• Sympathetic Networks:Negotiating Multiple Scholarly Identities as a PhD Student

    Julia Polyck-O'Neill (see profile)
    CSDH-SCHN 2020
    Digital humanities
    Item Type:
    Conference paper
    Conf. Title:
    CSDH/SCHN 2020
    Conf. Org.:
    Conf. Loc.:
    Conf. Date:
    June 1, 2020
    feminist leadership, mentorship, research assistantships, Humanities PhD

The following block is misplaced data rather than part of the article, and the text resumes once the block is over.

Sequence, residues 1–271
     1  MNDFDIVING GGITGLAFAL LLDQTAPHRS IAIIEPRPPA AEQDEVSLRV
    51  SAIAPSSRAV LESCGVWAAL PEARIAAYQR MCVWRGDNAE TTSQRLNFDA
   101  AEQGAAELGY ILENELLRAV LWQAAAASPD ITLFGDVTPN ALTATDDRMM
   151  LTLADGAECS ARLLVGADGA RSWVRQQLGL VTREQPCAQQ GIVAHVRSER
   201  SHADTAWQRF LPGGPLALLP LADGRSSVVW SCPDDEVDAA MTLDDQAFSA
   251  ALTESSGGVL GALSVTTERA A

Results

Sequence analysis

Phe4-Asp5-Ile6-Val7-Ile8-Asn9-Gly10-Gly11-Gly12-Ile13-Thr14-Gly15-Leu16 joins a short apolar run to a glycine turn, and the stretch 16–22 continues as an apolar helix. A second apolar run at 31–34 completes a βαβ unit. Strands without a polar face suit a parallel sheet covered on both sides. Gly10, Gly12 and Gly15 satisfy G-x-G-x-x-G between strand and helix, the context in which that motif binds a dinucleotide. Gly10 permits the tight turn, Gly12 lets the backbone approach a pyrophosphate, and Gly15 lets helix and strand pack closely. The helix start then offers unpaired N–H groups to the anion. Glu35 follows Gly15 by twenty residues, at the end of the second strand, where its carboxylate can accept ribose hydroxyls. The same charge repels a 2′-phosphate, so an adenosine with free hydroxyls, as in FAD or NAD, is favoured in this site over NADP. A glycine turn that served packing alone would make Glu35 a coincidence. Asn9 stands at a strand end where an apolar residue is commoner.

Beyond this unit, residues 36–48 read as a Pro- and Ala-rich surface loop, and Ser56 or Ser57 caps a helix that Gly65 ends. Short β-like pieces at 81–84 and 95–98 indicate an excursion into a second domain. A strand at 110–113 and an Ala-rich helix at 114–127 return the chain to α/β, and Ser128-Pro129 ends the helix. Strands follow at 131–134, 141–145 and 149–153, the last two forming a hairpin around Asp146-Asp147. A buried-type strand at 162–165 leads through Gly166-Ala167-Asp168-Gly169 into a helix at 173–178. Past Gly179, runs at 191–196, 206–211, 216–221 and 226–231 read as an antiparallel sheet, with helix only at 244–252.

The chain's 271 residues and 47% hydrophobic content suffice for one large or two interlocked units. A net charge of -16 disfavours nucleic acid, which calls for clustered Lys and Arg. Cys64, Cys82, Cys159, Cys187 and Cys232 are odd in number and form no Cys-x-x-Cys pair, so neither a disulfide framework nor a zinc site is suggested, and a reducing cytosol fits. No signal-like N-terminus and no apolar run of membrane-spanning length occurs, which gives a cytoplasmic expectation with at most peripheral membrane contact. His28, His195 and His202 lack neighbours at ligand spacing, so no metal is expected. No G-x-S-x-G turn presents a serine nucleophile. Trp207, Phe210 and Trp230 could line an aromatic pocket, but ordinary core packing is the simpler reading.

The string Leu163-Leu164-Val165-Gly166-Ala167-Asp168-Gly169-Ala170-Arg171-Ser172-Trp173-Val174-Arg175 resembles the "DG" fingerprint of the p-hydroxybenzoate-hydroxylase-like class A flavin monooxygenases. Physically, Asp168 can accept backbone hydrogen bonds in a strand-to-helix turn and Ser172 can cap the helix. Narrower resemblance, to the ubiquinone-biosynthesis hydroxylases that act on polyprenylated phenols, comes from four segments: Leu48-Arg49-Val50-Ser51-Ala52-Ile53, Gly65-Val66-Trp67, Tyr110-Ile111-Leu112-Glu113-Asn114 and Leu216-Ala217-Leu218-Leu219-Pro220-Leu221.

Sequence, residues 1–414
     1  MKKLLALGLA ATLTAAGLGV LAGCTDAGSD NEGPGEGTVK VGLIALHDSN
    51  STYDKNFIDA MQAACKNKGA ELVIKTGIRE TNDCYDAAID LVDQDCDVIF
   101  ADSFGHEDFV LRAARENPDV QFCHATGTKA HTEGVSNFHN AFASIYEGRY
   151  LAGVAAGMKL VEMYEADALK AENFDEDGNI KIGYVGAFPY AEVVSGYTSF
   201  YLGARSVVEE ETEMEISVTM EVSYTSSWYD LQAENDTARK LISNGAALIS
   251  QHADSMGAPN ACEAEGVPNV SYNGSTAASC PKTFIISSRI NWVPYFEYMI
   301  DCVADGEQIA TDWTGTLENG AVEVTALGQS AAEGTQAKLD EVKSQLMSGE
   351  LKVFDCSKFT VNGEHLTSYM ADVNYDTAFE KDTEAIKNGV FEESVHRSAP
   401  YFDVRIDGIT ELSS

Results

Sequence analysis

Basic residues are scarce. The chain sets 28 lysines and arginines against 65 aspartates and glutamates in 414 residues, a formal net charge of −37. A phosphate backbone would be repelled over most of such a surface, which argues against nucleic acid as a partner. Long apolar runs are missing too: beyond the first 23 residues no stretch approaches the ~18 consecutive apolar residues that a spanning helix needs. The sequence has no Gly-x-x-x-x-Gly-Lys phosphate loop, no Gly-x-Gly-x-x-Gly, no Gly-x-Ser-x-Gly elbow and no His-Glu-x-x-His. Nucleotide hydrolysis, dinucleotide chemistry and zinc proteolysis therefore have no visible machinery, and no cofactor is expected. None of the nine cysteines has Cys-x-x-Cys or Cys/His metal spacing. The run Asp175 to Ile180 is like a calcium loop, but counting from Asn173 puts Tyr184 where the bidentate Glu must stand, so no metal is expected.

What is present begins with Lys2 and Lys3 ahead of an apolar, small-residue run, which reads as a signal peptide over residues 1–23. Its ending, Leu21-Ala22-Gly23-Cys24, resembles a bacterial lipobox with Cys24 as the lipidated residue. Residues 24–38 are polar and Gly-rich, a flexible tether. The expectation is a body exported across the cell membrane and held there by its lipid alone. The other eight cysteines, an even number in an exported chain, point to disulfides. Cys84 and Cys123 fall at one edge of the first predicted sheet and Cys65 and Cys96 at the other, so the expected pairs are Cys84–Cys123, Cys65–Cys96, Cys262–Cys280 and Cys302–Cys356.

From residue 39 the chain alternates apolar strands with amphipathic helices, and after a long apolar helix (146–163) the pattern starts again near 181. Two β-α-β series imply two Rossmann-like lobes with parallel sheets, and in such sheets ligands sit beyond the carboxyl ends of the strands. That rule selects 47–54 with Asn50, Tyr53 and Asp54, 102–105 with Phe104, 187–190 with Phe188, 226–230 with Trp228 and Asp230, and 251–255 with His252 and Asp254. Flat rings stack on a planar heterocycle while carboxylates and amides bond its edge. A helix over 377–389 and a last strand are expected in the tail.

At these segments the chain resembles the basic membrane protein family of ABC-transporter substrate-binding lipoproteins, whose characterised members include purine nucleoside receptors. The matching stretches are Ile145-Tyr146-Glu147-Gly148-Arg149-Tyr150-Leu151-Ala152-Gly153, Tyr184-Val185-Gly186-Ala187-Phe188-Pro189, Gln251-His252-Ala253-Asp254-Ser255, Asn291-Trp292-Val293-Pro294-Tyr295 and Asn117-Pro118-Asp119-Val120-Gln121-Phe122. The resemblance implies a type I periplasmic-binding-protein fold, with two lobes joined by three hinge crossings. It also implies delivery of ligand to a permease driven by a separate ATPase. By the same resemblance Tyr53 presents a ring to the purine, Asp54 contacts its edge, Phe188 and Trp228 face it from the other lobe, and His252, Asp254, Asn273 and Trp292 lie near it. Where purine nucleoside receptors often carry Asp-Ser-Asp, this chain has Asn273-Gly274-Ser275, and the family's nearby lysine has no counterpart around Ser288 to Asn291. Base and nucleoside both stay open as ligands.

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    Nearing the completion of my PhD in Interdisciplinary Humanities, I have been taking stock of my experience working between digital humanities (DH), art history, visual culture, and literary studies. One of my first doctoral courses was in DH; I remember repeatedly having to provide basic definitions of the field for both professors and colleagues to explain exactly what studying and working in “digital humanities” meant. In retrospect, this was perhaps an omen, and a sign that I would receive minimal support within my institution. When I discovered that I found DH work meaningful and compelling, I had to forge my own path, working on two separate but related tracks: my “traditional” dissertation in visual arts and poetry, recognized by my program and committee, and my independent foray into digital versions of these, which combine critical discourses in DH and Digital Art History (DAH), Electronic Literature as it relates to new media art and visual cultural studies. The roster of my “extra-curricular” DH work includes presentations of my research at CSDH and ADHO conferences, collaborations with international scholars, employment as a research assistant on DH projects of varying scales led by English, Visual Arts, and Faculty of Education faculty, regular attendance of the Digital Humanities Summer Institute (DHSI) at the University of Victoria since 2014, and serving on the program committee for two multi-institutional Digital Pedagogy Institutes; I will be starting a SSHRC postdoctoral fellowship at York University’s Sensorium Centre in 2021 that builds from my expertise in using, building, and theoretically engaging with digital archives. I have discovered that, while maintaining parallel career tracks has been time consuming, not only are the paths now merging in fruitful ways, but I have access to a network of generous mentors who have similarly needed to work against the grain of institutional conventions.
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